Nestled near the Coachella valley, surrounded by stylish hotels, golf courses and spas, sits the pinnacle of midcentury-modern architecture – The Kuafmann Desert House. Designed by Richard Neutra in 1946, and commissioned by Pittsburgh department store scion Edgar Kaufmann, the house has come to define the modernist movement and is as storied as the era itself.
By Brad Halasz
Here are the four coolest things about the house.
1. It Was Commissioned by the Same Family Who Owned Fallingwater
If you could choose between Richard Neutra’s Palm Springs house, or equally celebrated Fallingwater by Frank Lloyd Wright, which would you choose? For department store owner Edgar Kaufmann, his choice was simple: have both commissioned. Fallingwater was the Kaufmann family weekend home from 1937 to 1963 when the property was donated to the Western Pennsylvania Conservancy. Fallingwater is considered one of Wright’s greatest masterpieces and is listed by the Smithsonian as on the 28 places to visit before you die.
2. It’s Featured in Poolside Gossip, one of Slim Aarons’ Most Iconic Photos
One sunny afternoon in 1970, lifestyle photographer Slim Aarons called then owner socialite and real estate expert Nelda Linsk (in yellow) and told her to invite some friends over for a shoot. In the course of a few hours, Aarons captured many images, but Poolside Gossip will forever stand out as one of his most famous. In the new book Slim Aarons: Women, author Laura Hawk muses why the photo has become so engrained in our memory: “Many have speculated why the photograph has become one of Slim’s most iconic images. Was it the big hair and bare middriffs, the mod 1970s outfits, the dramatic view, or its “martini modern” aesthetic?”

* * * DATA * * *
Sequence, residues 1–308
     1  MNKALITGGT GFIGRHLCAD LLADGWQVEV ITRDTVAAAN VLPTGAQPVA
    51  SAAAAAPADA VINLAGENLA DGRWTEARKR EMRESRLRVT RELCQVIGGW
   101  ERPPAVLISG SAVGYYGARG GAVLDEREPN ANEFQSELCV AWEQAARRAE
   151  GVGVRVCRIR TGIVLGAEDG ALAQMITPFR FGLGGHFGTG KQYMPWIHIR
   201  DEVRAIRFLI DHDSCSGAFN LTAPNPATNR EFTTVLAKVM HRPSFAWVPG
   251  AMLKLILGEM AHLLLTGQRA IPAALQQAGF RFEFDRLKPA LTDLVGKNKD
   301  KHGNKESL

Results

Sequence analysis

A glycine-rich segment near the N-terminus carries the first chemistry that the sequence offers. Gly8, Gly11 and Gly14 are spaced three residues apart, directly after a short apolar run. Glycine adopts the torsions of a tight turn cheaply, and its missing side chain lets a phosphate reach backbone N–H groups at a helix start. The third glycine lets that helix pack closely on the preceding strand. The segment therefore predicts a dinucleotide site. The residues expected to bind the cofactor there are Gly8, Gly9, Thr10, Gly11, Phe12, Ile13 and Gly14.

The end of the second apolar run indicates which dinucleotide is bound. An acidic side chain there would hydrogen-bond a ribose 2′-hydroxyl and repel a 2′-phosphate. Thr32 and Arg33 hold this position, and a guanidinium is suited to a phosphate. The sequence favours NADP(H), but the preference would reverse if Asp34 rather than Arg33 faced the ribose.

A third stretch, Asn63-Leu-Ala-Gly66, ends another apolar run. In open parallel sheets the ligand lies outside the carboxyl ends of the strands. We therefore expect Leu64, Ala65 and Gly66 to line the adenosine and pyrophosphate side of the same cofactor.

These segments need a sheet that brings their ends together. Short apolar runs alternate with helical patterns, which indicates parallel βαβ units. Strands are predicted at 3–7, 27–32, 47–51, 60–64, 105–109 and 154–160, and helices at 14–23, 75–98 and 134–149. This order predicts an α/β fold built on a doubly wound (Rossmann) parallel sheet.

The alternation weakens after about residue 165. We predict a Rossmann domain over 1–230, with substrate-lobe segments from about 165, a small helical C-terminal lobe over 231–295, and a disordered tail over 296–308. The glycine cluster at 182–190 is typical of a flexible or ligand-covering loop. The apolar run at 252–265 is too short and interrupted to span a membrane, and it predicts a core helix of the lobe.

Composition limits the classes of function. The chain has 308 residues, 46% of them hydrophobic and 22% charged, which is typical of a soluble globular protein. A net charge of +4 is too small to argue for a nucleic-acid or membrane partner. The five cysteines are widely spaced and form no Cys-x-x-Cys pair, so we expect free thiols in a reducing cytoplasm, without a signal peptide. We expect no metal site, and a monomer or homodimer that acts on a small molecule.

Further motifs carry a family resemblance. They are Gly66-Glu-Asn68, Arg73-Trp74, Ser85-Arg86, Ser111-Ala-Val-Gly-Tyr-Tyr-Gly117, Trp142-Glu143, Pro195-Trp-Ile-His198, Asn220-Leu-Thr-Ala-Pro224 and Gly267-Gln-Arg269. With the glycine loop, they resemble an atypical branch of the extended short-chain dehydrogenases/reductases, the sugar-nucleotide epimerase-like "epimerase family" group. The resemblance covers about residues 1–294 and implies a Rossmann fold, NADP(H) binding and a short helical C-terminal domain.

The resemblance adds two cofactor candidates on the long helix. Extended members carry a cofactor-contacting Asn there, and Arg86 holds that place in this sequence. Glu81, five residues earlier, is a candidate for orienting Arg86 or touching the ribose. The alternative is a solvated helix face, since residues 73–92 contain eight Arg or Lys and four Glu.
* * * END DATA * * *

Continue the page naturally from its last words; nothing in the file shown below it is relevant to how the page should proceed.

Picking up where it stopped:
3. It Was Once Owned by Barry Manilow
Never mind the Copacabana, Palm Springs is where Barry Manilow’s true heart lies. A resident of the area for decades, Manilow owned the Kaufmann Desert House from 1973 to 1993. He decorated the guest bedrooms to favor frequent guests, including actress Susanne Somers. The décor was as flamboyant as Manilow himself, plenty of wallpaper, drapes and linens, floral prints, faux-marble wall coverings and even stage-set roman columns. There was no doubt frequent guest, filmmaker John Waters, loved the place. Years later, after seeing the house now renovated under a new owner, Waters gasped “My dear, you’ve just ruined the place!”
4. It is Considered One of the Most Important American Houses of the 20th Century
Barry Manilow eventually moved out of the Kaufmann house in the mid-90s and it sat vacant for over three years. On the verge of demolition, the listing agent labeled the house a “tear-down.” Luckily, this was around the time of the mid-century preservation movement of Palm Springs and the house was purchased for $1.5 million and restored.
“Within a decade, up for sale again, the final bid was 15 million dollars. Today it has been designated a local landmark and is easily the most famous house in Palm Springs, with upwards of five hundred articles having been written about it,” writes Laura Hawk, author of Slim Aarons: Women.
Many critics cite the Kaufmann house as one of the most important houses of the 20th century in the United States, alongside Fallingwater.